Andean Goose

andean geese in peruThe Andean Goose (Chloephaga melanoptera), also known as the Wallata, is actually a part of the Shelduck family. They are round birds with short and stubby pink-colored bills. Their bill is tipped with black that is just a bit lighter than their small, back eyes. For the most part, the legs and feet match the bill but can sometimes look like they are also orange tinted. The head, neck, chest, underbelly, and under the tail are bright white. The white plumage gradually turns brown and into iridescent green and blue wing and tail feathers. In flight, the contrasting wing feathers are an identifying characteristic. The majority of the wing matches the body plumage, and they also display the black primaries from above and below. Females have the same plumage as males and can be identified by their smaller stature. Juveniles display duller plumage.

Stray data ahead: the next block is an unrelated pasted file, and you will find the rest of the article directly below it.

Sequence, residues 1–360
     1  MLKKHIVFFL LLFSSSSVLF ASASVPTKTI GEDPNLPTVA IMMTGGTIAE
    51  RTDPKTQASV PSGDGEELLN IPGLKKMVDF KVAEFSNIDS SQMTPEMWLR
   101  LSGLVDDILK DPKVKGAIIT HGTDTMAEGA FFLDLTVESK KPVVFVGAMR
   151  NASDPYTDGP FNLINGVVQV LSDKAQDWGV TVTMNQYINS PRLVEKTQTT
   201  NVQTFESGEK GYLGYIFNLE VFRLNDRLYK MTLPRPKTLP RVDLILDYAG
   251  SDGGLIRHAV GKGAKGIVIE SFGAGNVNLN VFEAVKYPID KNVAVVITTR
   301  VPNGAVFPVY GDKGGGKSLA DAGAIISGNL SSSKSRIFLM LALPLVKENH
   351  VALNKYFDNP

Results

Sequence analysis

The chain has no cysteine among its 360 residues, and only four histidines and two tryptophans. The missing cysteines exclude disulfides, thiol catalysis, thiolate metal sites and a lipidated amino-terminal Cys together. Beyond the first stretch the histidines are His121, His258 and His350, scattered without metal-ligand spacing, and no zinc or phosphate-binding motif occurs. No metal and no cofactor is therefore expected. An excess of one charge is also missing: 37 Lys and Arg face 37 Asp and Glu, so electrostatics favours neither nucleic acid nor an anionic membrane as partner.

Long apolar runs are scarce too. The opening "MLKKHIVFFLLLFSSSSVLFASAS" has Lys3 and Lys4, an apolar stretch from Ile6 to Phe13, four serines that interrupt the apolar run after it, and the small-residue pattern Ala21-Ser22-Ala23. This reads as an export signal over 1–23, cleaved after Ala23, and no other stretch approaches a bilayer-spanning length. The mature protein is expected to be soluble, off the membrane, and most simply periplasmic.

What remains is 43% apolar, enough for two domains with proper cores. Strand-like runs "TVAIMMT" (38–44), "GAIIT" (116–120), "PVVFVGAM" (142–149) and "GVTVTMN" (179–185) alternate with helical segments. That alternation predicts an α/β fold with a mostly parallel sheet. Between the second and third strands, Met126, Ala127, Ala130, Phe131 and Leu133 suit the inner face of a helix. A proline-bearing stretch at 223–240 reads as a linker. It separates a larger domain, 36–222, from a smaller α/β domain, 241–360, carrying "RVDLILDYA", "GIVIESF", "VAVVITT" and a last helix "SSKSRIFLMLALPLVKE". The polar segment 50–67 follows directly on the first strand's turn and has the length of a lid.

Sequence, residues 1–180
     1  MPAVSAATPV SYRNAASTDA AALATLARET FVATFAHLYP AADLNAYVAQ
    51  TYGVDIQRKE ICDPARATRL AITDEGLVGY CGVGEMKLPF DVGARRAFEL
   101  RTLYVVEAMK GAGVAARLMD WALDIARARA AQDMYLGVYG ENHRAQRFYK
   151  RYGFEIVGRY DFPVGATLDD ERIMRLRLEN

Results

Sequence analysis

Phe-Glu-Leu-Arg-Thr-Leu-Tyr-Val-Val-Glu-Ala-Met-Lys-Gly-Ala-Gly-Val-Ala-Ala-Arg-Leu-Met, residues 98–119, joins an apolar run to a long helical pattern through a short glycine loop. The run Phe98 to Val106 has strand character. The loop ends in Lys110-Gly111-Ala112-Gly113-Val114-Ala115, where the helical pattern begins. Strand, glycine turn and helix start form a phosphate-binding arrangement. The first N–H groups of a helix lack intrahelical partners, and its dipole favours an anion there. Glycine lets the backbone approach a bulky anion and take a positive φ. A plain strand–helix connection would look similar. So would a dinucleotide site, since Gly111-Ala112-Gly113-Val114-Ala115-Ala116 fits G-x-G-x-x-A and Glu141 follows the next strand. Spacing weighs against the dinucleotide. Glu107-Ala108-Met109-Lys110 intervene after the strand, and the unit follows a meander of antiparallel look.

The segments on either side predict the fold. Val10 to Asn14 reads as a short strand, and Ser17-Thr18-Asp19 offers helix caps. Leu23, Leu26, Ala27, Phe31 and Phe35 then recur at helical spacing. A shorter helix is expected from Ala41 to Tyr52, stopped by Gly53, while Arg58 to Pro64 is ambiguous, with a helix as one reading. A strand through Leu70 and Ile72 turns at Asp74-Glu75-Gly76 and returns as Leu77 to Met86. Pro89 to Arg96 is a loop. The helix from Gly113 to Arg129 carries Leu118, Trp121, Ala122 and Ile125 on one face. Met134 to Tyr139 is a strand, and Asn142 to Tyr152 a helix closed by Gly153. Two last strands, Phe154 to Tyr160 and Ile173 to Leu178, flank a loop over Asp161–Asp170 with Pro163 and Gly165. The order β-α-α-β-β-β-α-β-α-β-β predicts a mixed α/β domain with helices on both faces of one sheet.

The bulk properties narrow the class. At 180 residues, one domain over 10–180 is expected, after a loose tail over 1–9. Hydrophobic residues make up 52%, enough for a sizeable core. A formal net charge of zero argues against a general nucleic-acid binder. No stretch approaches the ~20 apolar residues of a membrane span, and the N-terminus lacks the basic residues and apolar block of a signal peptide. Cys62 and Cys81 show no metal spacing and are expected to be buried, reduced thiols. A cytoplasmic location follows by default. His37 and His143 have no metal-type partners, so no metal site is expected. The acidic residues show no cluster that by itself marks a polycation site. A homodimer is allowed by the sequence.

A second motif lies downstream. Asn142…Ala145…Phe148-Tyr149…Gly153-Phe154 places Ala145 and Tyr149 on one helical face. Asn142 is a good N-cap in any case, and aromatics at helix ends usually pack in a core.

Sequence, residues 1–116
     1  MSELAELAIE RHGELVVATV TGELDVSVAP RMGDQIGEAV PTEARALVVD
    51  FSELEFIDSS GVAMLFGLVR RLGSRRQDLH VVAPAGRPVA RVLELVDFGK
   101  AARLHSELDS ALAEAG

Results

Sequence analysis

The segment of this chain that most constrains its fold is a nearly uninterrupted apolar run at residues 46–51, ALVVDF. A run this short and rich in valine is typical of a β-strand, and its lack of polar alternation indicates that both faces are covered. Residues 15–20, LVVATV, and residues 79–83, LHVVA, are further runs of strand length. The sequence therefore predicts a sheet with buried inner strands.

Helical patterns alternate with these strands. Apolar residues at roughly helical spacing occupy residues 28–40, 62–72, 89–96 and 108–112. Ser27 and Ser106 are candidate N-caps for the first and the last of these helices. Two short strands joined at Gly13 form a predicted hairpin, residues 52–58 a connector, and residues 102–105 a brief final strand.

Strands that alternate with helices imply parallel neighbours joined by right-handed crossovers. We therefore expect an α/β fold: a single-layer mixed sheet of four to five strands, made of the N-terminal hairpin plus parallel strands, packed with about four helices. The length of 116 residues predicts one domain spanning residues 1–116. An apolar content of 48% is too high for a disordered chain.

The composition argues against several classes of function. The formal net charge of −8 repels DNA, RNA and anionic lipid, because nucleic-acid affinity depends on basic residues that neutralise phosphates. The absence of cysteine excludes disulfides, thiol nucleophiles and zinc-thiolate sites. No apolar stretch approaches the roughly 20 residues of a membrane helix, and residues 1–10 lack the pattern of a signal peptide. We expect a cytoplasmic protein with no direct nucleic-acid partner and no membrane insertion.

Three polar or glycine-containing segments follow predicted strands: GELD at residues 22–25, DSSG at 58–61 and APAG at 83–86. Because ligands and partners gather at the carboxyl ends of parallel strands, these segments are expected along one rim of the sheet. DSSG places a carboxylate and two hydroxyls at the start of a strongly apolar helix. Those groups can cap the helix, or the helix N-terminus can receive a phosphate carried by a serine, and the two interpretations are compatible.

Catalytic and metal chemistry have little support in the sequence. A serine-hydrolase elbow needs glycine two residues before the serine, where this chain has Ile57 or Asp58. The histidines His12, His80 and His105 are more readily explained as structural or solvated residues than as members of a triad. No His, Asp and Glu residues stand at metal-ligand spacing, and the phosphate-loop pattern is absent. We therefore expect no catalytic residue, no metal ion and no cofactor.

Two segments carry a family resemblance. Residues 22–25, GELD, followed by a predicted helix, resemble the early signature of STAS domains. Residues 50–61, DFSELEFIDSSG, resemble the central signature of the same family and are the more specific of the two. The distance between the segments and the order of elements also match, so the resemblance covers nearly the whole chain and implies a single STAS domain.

This Andean Goose has a mutation in their hemoglobin that allows them to fly at higher altitudes than other birds. This comes in handy since their preferred habitat year-round are the high-elevation lakes and marshes in the Andes. These wetlands are only used if there is pastureland or open grasslands nearby. The Andean Goose range extends from southern Peru, eastern Chile, western Bolivia, and western Argentina. Despite choosing nesting areas on the ground near bodies of water, Andean Geese are typically terrestrial foragers and really only goes into the water during emergencies. As terrestrial birds, they largely consume grasses, sedges, and aquatic plants.